A career as a facilities maintenance technician can be pursued with an associate's degree or an apprenticeship. Training in electrical theory, plumbing installation, door and window installation and basic building maintenance is important for these professionals. Some facilities maintenance technicians also have their HVAC certification.
Facilities maintenance technology is a combined discipline that involves many different trades, such as electrical, carpentry, plumbing, painting and heating, ventilation and air conditioning (HVAC). Training in the field is available through associate's degree programs, apprenticeships or on-the-job training.
|Required Education||Associate's degree in the desired specialty, apprenticeship program through a labor union or on-the-job training|
|Certification/Licensure||Licensure varies by state and locality; plumbing and electrical licensing required for certain positions; multiple optional HVAC certifications are available|
|Projected Job Growth (2014-2024)*||6% for general maintenance and repair workers|
|Average Annual Salary (2015)*||$38,950 for general maintenance and repair workers|
Sources: *U.S. Bureau of Labor Statistics
Facilities Maintenance Technician Job Duties
Individuals employed in this position oversee all aspects of a building maintenance. Technicians handle the fabrication of walls, installation of doors and windows, paint selection and preparation, basic plumbing installation and troubleshooting and the regulation of air quality, temperature and humidity in building interiors. Technicians also need to have an understanding of basic electrical theory, motor theory and wiring.
Technicians are generally trained to do both installation and maintenance and repair; however, they generally specialize in one or the other. A tech may specialize further in solar panels, pneumatics, hydronics or commercial refrigeration.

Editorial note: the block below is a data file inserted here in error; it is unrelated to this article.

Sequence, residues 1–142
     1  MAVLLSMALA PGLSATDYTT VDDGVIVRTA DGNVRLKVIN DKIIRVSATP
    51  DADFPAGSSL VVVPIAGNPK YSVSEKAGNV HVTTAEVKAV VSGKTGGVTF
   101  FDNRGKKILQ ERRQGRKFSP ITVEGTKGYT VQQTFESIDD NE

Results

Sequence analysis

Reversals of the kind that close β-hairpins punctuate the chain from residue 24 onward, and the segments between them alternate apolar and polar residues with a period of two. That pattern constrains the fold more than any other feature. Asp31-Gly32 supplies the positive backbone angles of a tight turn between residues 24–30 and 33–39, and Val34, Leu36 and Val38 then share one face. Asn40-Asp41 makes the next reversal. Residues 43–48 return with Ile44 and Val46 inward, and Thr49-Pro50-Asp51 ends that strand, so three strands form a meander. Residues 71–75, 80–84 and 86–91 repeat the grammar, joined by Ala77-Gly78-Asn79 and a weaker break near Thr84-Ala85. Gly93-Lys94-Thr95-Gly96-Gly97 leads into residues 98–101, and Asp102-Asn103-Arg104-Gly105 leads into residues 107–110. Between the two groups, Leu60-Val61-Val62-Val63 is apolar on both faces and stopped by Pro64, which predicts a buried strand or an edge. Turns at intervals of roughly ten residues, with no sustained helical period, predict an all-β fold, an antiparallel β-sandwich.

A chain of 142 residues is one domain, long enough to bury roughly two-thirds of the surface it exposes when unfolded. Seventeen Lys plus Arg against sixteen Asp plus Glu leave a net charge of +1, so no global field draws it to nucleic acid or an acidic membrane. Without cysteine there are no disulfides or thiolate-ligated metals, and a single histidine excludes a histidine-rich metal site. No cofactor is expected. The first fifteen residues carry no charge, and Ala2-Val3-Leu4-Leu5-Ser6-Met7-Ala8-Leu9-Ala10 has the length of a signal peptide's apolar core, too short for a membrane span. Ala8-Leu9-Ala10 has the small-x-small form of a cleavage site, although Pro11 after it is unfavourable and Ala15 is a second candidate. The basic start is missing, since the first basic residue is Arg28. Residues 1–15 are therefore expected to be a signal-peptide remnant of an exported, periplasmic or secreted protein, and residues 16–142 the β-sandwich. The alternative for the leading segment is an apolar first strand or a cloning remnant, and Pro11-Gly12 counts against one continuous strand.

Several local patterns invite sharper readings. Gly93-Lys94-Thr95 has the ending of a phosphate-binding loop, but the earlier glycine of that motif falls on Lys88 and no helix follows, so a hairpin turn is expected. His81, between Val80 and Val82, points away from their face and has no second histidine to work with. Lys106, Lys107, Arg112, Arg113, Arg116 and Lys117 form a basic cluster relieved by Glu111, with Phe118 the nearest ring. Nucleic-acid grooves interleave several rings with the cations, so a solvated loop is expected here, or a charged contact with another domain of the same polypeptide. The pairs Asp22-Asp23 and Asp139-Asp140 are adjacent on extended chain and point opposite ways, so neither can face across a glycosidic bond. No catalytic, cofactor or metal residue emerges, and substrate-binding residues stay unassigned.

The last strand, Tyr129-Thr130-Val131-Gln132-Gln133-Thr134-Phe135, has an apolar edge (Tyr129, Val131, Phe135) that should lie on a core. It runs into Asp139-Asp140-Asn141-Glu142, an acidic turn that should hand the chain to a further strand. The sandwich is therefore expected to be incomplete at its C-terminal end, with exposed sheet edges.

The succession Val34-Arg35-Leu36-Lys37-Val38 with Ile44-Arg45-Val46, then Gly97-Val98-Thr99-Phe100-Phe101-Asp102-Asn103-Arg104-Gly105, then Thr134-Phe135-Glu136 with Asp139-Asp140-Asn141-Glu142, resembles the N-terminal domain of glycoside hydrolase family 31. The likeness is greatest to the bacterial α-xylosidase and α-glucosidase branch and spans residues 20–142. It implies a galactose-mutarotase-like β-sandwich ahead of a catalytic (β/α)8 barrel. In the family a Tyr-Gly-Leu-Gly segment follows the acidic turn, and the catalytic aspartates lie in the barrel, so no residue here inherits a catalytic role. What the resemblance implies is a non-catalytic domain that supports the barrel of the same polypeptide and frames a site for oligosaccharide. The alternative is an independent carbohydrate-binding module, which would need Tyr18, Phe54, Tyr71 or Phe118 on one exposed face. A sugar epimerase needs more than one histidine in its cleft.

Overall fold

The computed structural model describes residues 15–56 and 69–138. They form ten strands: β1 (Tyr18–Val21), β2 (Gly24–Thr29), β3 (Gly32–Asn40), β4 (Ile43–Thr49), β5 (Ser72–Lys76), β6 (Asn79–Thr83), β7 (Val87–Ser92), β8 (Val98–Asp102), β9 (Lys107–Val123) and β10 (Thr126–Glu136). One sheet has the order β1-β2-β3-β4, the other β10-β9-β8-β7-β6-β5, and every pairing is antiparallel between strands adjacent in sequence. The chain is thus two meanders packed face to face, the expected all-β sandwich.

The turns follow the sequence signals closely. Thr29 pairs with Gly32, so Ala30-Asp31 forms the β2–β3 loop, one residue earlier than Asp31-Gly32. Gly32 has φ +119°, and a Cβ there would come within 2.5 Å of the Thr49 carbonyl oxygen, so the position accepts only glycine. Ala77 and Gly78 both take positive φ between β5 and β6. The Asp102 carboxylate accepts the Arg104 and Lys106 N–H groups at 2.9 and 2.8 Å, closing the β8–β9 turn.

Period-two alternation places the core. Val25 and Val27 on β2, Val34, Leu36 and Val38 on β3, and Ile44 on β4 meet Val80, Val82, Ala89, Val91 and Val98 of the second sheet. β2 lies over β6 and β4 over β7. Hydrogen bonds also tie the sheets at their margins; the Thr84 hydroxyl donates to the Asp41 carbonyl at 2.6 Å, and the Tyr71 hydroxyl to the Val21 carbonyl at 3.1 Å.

Facilities Maintenance Technician Outlook
According to the U.S. Bureau of Labor Statistics (www.bls.gov), the number of openings in the general maintenance and repair field is expected to grow 6% from 2014-2024, which is about average. The average annual salary as of May 2015 for these professionals was $38,950. The BLS reported that there were almost 1.3 million jobs in this industry in 2015. The majority worked in real estate, government, manufacturing, educational services and health care.
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Facilities Maintenance Technician Requirements
This career requires good mechanical aptitude, analytical skills and the ability to work with one's hands. Skills in mathematics and technical writing are important. Oral communication skills are vital; working directly with customers comes into play. Computer skills are important and key to a technician's advancement in the field.
Educational options include earning an associate degree at a technical school or apprenticed training, although some technicians still learn entirely on the job. Apprenticeships are offered through many of the unions, such as:
- Plumbing-Heating-Cooling Contractors - National Association
- Mechanical Contractors Association of America
- Air-Conditioning Contractors of America
- Sheet Metal Workers' International Association
- United Association of Journeymen and Apprentices of the Plumbing and Pipefitting Industry of the U.S. and Canada
- Associated Builders and Contractors
- National Association of Home Builders
Licensure and Certifications
Licensing requirements vary by state and locality. More advanced jobs may require licensure as an electrician or plumber.
There are three HVAC certification programs: HVAC Excellence, the National Center for Construction Education and Research and the Partnership for Air-Conditioning, Heating and Refrigeration Accreditation. These certifications may aid with advancement, including raises or promotion to supervisory, management or marketing positions. Other advancement options include building superintendents, cost managers or testing specialists. Individuals sufficiently advanced may teach others.
Facilities maintenance technicians maintain systems in a building and make repairs as needed. Some states require facilities maintenance technicians to be licensed.